In case you don’t feel the urge to slide out the keyboard, the T9 virtual keyboard is there for you. Personally I didn’t like my experience with the T9 keyboard, it kept interfering with my abbreviated SMS typing. I found it so annoying that I forced myself to slide out the keyboard each time I needed to send a text message. This can be a distraction if you are walking about town and you need to respond quickly to an incoming message.
More annoying, and I was unable to disable this function, is the appearance of the language bar on lower left hand corner of the tiny 2.55 inch screen. With so tiny a real estate, why did the engineers at Sony Ericsson keep this virtual button there. Did they think that a person typing a text would want to change language mid-entry? In fact this language bar quickly became a nuisance for me as it actually hampered my typing 50% of the time.
At 90×52 x17mm and weighing a mere 120g, the Sony Ericsson X10 mini pro is cute, distinctive and easy on the pocket. The 2.55 inch screen means the engineerings weren’t expecting owners of this phone to surf the web. Writing cryptic messages on Facebook or Twitting is not a problem but this is not the device for reading a full article from your favorite blogger or making a blog entry of your own, for that you really need a bigger screen.
I also didn’t notice it as much but watching a video from this phone quickly becomes impractical not because the screen is small but the reflective glass makes it hard to watch in a bright light setting (yes, even bright indoor lights).
As with its smaller sibling, the X10 mini, the pro has shortcut icons on the four corners of the screen. Changing these is easy. You can only have one widget per screen but that only makes sense since you have such a tiny screen. You can flick or swipe left or right to skim through these widgets.
If you Twit a lot or always want to know that’s happening in your Facebook account, Timescape streams these short messages with the avatar of the author lightly superimposed as a background for the message. Same goes for your sms messages.
Sony Ericsson phones are on par with the best multimedia gadgets out there. The X10 mini and X10 mini pro follow this tradition very well. The music player is excellent and despite the diminutive phone, you can still crank up the volume to hear it without headphones. (more…)

Finally decided to unbox the HTC Touch Diamond that a friend loaned to me to test. The packaging is catchy although I, personally, don’t like the design on the back – whoever designed this must have thought he or she was being imaginative. The HTC Diamond design is unique but not innovative (in my humble opinion).

Again I am not doing a comprehensive review of the Diamond. You’d be better of going to one of the sites below. I’m here to tell you what a non-geek would like and dislike about the new product from HTC.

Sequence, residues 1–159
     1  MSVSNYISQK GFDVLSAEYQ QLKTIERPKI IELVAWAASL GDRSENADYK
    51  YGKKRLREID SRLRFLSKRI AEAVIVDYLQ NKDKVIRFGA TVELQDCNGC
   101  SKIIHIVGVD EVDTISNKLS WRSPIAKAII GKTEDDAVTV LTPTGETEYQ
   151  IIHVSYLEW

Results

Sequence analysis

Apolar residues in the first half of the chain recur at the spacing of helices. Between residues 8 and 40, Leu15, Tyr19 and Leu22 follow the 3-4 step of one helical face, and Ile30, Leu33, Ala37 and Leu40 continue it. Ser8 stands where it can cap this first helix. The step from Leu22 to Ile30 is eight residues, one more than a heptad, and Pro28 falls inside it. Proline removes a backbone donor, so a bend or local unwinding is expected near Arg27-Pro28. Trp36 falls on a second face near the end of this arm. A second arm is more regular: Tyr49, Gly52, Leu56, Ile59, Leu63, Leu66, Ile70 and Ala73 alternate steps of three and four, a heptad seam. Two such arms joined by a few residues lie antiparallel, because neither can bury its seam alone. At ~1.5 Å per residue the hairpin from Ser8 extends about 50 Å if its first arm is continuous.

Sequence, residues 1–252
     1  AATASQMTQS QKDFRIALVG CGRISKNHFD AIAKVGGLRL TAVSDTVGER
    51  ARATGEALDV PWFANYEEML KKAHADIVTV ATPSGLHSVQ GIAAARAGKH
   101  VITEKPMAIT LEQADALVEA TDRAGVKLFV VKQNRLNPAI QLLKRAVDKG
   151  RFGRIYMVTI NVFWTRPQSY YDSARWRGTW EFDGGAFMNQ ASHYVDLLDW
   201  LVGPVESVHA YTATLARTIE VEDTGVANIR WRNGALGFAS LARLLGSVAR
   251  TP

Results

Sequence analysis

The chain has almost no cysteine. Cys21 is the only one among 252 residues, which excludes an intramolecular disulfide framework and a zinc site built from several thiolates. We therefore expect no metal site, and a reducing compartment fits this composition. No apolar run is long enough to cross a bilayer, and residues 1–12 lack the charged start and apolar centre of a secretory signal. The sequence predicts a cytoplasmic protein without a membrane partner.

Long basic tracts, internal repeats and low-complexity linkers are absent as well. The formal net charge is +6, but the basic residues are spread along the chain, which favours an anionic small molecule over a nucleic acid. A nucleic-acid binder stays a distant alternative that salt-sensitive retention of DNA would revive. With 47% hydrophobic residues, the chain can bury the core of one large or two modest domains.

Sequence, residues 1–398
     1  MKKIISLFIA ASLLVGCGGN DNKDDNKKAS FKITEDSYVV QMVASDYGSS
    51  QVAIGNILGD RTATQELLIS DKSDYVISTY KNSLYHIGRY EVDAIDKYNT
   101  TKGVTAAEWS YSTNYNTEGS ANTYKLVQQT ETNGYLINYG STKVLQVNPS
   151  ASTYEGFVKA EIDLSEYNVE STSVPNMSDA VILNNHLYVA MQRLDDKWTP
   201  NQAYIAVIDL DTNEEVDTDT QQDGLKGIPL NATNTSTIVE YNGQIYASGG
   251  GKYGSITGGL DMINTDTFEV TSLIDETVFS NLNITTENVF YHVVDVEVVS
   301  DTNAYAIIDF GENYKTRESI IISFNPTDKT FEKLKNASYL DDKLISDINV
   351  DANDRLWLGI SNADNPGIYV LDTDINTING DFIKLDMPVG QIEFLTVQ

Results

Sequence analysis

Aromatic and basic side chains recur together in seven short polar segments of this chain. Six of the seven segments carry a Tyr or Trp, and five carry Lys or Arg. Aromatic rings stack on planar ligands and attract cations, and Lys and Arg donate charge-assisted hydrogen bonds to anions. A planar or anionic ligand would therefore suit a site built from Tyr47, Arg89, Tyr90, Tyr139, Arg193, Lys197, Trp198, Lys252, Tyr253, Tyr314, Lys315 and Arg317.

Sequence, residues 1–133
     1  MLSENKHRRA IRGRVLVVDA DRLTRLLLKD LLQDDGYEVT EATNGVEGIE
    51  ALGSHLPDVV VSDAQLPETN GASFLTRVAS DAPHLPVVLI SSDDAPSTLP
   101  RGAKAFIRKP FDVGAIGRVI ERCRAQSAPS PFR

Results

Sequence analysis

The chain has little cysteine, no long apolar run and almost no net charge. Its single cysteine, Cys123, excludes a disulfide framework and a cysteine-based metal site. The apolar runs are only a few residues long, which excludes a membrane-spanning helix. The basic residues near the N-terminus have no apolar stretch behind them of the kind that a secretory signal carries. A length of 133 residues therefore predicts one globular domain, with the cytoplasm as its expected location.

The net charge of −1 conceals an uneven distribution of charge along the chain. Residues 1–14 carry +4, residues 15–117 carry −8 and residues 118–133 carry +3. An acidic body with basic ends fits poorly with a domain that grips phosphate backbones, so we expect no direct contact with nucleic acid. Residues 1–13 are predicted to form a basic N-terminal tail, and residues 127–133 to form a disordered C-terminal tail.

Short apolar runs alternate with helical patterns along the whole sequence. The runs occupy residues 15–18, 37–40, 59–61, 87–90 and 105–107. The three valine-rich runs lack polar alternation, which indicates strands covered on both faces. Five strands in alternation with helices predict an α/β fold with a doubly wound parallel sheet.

What I like about the HTC Touch Diamond

  • Small form factor, fits my hand and my pants pocket (also shirt pocket) very nicely
  • ActiveSync software ran very smoothly and syncs my Outlook data to the Diamond (no worries)
  • Bright screen
  • Windows platform means, in theory, I can open standard office apps when I have to (and for once Windows Mobile 6.1 worked better than its predecessor the Windows Mobile 6 on the HTC device).

I have a HTC Touch (gen 1) and when you load even a small excel spreadsheet, the phone runs like a snail pulling a dead weight. With the Diamond, I ran the picture slideshow, open a spreadsheet, called another phone number, and ran Bubble Breaker and the phone still worked “almost” flawlessly.

What I don’t like about the HTC Touch Diamond

  • It is designed to power-off (you can program it for up to 5 minutes). I think this is to save battery but the during first day I used the phone, I tell you it freaked me out that the phone kept switching off. I had to run through the innards of the operating system to come to the conclusion that there is the built-in power off mode. Just to be safe I asked a friend to call my number to see if the phone rang when it was “powered off”. The Diamond wakes up when a call comes in.
  • The Diamond touts the new TouchFlo 3D but I tell you the version I got, (ROM 1.93.707.1 WWE), is quirky to say the least. There are times when I had to keep repeating movements to get the darn thing to do what I want it to (doesn’t always though so I had to keep pressing the HOME key every now and then).
  • I can’t use my standard headset with mini-jack to listen to the music although bluetooth was ok.
  • Fingerprint magnet
  • The processor can, at times, be slow (like trying to watch some photos, scrolling through the favorite phonelist).

Other HTC Touch reviews
Geek.com – Review: HTC Diamond
CNET Australia – HTC Touch Diamond
MobileTech Review – HTC Diamond

My first product review was the Samsung Omnia – another Windows Mobile 6.1 device. After holding this HTC Touch for a couple of days I have to admit that the Touch wins hands-down versus the Omnia. GSM Arena has done a great comparative review of the Omnia versus the HTC Touch Diamond. Read it if you are trying to decide between these two devices.

Personally which one would I consider buying? If I really have no choice I would pick the HTC Touch Diamond. But if I have to choose a new phone to replace my BlackBerry Pearl, I’d probably try the new BlackBerry Bold first before I make any commitments. In case you are thinking I’m overly biased towards the BlackBerry, I was once an avid Sony Ericsson customer with the P900 being my last SE smartphone. I am curious to try the SE Experia but that would be for another day. I’ve also used the Nokia E70 – that was also a painful experience.

One last point to ponder. The true test of a consumer product is the ability to use it out of the box without reading the manual. To be fair I was able to switch the Diamond on and make a call. But to do other stuff like look for a phone number, send SMS, or get connected to the web, those took time to figure out and get used to the way the Diamond wants to be handled. Beautiful it may be but the HTC Touch Diamond is not as intuitive as the vendor makes it out to be.

Oh well, back to my BlackBerry Pearl – the no fuss, no hassle, smartphone.

PS: I recently met up with Mark Russinovich. He asked if I switched off TouchFlo to see what my experience would be like. At the time of review, I wasn’t aware this was possible. Oh well, my lost.